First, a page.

OAKLAND, Calif. -- As the Lakers' general manager who helped engineer a trade that brought Kobe Bryant to Los Angeles, Jerry West had a daily firsthand view of a budding 17-year-old who would extend the good fortune of a legendary franchise and help rekindle a post-Michael Jordan NBA.
West, now an executive board member for the Golden State Warriors, reflected Thursday night on Bryant's career, calling him a one-of-a-kind player with a global appeal who would be nearly impossible for the league to replace.
"He was a showman, but he also was a winner," West said. "And he has [left] a legacy throughout the world. Millions of people love this guy, and millions of people will miss what he was able to accomplish in his career."
West took in Bryant's final game against Golden State from an Oracle Arena luxury suite 20 years after trading center Vlade Divac to the Charlotte Hornets for Bryant, whom the Hornets had just drafted out of Lower Merion High School in suburban Philadelphia.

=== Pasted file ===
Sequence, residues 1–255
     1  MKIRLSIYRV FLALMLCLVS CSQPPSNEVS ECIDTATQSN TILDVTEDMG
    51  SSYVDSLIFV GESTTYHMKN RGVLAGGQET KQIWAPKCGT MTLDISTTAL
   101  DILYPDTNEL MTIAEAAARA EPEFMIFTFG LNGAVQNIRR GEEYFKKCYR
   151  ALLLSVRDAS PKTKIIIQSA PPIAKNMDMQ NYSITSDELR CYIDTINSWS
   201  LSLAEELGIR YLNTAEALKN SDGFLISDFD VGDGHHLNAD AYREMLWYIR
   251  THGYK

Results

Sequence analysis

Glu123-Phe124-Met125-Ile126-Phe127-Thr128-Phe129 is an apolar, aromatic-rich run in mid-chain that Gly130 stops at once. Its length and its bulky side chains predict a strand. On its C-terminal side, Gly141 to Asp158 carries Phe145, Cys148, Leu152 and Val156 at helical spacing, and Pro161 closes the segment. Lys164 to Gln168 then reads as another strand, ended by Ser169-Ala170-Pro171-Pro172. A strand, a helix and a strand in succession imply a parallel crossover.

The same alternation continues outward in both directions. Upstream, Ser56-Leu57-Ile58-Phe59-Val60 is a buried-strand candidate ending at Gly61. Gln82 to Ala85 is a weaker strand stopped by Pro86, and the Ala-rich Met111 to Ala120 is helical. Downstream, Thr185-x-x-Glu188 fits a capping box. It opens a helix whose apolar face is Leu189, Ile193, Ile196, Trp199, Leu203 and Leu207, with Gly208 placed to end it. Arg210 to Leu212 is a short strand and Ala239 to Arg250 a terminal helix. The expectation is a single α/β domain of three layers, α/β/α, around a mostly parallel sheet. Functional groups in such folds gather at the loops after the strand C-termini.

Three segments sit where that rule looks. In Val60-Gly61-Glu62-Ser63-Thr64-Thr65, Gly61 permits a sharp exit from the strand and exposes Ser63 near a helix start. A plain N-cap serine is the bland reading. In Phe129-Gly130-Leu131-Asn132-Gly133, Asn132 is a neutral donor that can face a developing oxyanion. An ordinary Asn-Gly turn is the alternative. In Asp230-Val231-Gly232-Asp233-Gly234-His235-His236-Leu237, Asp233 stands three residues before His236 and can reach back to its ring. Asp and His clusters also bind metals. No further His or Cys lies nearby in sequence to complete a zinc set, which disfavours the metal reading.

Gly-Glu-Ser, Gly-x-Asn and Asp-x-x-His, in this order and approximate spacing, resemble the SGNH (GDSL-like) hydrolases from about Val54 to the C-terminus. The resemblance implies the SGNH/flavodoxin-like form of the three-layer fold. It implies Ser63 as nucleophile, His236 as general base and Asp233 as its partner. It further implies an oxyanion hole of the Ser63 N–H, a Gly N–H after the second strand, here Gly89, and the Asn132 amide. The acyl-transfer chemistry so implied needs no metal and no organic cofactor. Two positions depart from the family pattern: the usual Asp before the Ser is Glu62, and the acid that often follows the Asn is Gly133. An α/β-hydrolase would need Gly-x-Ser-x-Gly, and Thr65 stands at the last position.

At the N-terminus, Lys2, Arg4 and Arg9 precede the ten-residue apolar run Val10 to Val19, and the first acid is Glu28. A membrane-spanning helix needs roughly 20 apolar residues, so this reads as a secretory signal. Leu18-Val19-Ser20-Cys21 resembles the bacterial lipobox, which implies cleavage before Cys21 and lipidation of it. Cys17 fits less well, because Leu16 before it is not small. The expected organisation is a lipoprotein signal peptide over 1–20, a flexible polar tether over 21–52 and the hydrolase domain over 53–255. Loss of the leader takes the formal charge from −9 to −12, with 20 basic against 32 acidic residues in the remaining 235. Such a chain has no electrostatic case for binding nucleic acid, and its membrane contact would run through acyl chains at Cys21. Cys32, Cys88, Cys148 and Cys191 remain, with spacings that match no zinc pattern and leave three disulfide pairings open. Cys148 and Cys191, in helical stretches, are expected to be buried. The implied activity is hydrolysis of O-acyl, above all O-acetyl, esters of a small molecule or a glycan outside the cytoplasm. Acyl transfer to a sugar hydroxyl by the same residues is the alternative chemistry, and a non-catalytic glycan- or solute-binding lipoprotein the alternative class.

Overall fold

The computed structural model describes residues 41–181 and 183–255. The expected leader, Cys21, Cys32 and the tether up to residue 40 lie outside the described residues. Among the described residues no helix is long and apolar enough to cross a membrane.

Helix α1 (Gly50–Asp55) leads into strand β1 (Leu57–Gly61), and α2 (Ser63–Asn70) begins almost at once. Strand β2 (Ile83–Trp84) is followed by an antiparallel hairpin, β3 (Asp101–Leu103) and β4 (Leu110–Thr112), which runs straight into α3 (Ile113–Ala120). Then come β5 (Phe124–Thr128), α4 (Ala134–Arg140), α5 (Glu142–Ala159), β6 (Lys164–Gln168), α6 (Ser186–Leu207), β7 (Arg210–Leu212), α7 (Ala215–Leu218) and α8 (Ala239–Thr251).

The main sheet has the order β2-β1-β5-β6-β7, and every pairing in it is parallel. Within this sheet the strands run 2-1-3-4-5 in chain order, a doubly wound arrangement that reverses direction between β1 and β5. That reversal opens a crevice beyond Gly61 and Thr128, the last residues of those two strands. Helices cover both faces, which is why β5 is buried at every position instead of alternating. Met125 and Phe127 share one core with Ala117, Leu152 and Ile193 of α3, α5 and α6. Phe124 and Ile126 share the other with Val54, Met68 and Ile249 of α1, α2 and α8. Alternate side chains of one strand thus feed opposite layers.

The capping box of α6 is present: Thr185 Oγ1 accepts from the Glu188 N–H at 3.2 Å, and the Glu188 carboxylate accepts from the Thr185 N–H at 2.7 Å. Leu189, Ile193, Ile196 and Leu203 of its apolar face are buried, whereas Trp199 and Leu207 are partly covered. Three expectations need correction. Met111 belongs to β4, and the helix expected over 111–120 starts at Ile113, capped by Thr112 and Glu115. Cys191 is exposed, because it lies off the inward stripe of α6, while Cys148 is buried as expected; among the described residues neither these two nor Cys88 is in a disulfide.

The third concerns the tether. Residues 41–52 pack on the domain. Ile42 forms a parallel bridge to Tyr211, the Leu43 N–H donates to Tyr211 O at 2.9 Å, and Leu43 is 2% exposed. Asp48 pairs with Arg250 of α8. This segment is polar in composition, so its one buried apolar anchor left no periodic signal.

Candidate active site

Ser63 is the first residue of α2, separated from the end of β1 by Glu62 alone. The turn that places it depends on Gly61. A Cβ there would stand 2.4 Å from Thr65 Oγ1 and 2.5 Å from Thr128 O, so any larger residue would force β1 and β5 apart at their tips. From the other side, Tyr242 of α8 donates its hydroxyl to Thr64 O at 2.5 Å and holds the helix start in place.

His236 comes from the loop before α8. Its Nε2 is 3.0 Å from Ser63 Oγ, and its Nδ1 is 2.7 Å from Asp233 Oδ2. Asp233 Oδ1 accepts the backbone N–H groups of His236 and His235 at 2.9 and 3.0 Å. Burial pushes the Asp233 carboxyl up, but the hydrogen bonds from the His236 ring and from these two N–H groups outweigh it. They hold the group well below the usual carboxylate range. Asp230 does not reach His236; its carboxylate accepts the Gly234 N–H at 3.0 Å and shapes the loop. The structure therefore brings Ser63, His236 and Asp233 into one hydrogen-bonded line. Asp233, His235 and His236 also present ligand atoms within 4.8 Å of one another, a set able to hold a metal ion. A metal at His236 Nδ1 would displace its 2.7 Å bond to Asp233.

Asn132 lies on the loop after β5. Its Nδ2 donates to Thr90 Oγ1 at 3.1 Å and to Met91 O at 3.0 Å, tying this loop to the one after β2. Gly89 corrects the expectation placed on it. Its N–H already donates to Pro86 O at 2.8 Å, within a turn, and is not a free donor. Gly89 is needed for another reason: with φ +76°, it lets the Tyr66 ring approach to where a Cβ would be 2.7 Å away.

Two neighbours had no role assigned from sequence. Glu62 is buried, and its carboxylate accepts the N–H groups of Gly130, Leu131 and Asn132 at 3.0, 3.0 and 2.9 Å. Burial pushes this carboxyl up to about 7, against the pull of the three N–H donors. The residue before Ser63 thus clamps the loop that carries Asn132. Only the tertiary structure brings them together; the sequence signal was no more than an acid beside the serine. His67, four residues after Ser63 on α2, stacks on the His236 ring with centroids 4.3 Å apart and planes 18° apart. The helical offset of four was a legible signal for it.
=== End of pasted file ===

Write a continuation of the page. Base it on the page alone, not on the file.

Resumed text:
"I've always had a fondness for him as a player," West said. "Sometimes he would disappoint me with some of the things he would say, in particular with regards to players who would not play as hard as him. Number one, they couldn't play as hard as him, but number two, they didn't have the skill to play as hard as him.
"But I think on the balance, this has been a remarkable player, a player for the decades, simply one of the greatest players that ever played the game. And I'm talking about a handful of guys that ever played the game."
West called Bryant an "incredibly gifted all-around player."
"But I think you should look farther than that," West said. "I think in the NBA he will be one of those players that will be perceived as one of the 10 top players of all time, probably higher, because I don't want to demean anyone that's played this game at eye level. I don't.